In my previous blog posts, I have demonstrated a simple web app using ASP.NET MVC 3 and EF Code First. In this post, I will be focus on making this application for mobile devices. A single web site will be used for both mobile browsers and desktop browsers. If users are accessing the web app from mobile browsers, users will be redirect to mobile specific pages and will get normal pages if users are accessing from desktop browsers. In this demo app, the mobile specific pages are maintained in an ASP.NET MVC Area named Mobile and mobile users will be redirect to MVC Area Mobile.
Let’s add a new area named Mobile to the ASP.NET MVC app. For adding Area, right click the ASP.NET MVC project and select Area from Add option. Our mobile specific pages using jQuery Mobile will be maintained in the Mobile Area.
- ASP.NET Web Forms version 4.0
- ASP.NET MVC version 3.0
This How To describes various ways to serve pages optimized for mobile devices from your ASP.NET Web Forms / MVC application, and suggests architectural and design issues to consider when targeting a broad range of devices. This document also explains why the ASP.NET Mobile Controls from ASP.NET 2.0 to 3.5 are now obsolete, and discusses some modern alternatives.
- Architectural options
- Browser and device detection
- How ASP.NET Web Forms applications can present mobile-specific pages
- How ASP.NET MVC applications can present mobile-specific pages
- Additional resources
For downloadable code samples demonstrating this white paper’s techniques for both ASP.NET Web Forms and MVC, see http://aspnetmobilesamples.codeplex.com/.
You can download emulators for popular mobile devices and browsers by following these links
Note that if you want to view your application on a real mobile device (which is the only option for fully testing iPhone or iPad, since there’s no true emulator for Windows) you’ll need to host your application in IIS or IIS Express. You can’t easily use Visual Studio’s built-in web server for this, because it won’t respond to requests from other machines.
Reference : http://www.asp.net/Mobile/device-simulators
This article explains approaches for ASP.NET mobile development to determine if an HTTP request is coming from a mobile phone and then redirecting the request to a page optimized for a mobile browser. This has been created using the version 0.1.10.3 of the 51degrees.mobi foundation API.
Please note these instructions will require changes to assembly names, namespaces and file names to work with the latest version of the 51degrees.mobi foundation API.
Method 1: Using ASP.NET to detect the user agent
Use ASP.NET to detect the user-agent adding server-side browser detection and redirection to your website using the ASP.NET platform is quite easy. This code should be inserted into the Page_Load event of the web form code behind file (e.g. default.aspx.cs). To enable this site-wide, just add it to the Page_Load event of the Master Page file.
string strUserAgent = Request.UserAgent.ToString().ToLower();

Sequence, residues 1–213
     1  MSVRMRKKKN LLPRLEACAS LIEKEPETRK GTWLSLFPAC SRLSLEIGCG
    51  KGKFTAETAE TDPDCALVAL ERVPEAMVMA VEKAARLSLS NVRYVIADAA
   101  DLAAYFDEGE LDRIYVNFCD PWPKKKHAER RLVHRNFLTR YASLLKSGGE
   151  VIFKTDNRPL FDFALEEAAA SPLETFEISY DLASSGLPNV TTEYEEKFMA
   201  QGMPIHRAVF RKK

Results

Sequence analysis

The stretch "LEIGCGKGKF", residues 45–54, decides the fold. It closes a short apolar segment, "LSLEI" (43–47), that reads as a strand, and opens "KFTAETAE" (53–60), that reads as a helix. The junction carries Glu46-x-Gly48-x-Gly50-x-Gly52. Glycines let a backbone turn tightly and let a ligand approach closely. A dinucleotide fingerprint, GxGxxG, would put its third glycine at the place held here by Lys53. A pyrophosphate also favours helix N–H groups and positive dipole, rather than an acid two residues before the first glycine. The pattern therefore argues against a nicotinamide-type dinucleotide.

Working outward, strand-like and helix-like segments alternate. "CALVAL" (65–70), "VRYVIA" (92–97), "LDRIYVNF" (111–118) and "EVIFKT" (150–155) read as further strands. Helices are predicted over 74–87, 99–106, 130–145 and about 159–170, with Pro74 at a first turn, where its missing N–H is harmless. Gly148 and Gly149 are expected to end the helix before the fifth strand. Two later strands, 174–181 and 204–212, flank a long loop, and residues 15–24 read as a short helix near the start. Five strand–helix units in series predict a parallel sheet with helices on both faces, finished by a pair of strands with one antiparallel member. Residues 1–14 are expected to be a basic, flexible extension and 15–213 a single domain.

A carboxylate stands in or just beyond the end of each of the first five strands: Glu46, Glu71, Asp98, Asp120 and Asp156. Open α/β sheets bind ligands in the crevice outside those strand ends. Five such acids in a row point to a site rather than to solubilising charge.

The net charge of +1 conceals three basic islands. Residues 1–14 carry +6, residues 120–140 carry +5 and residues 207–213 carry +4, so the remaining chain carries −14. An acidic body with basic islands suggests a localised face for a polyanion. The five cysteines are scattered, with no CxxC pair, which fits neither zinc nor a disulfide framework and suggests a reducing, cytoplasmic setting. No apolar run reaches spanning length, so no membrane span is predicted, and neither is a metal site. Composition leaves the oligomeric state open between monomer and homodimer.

if (strUserAgent != null)
if (Request.Browser.IsMobileDevice == true ||
strUserAgent.Contains("windows ce") ||
strUserAgent.Contains("opera mini") ||
WURFL stands for Wireless Universal Resource FiLe. It is formerly a FOSS (which stands for Free and Open Source Software) community effort focused on the problem of presenting content on the wide variety of wireless devices. WURFL is a set of proprietary API’s and an XML configuration file which contains information about device capabilities and features for a variety of mobile devices. Until version 2.2, WURFL was release under an “open source / public domain” licensePrior to Version 2.2 device information was contributed by developers around the world and the WURFL was updated frequently reflecting new wireless devices coming on the market. In June 2011, the founder of the WURFL Project, Luca Passani, and Steve Kamerman, the author of Tera-WURFL, a popular high-performance PHP WURFL API, formed ScientiaMobile, Inc to provide commercial mobile device detection support and services, and is the driving force behind WURFL. As of August 30, 2011, WURFL is licensed under a dual-license model, using the AGPL license for non-commercial use and a proprietary commercial license.
At the end of 1999 the first WAP phone was launched in Europe, followed by many others in the following months. By 2001 it became clear that WAP devices exhibited significant differences in the way they handled WAP content. The implication of this was that mobile developers found it difficult to support the increasing numbers of devices; the cost of application development, cost of testing and the cost of the very devices made WAP development expensive as compared to web development. Eventually, some developers realized that they could leverage the open-source model for their efforts. Luca Passani and Andrea Trasatti joined forces to build a community around a shared repository of device capability information, which they named WURFL. Over the years the project has gained followers and supporters from different geographical regions and with different backgrounds. The first basic API was in Perl. Java and PHP libraries appeared shortly afterward, soon followed by a better.NET Framework, Perl version, Ruby, and, more recently, Python, XSLT and C++.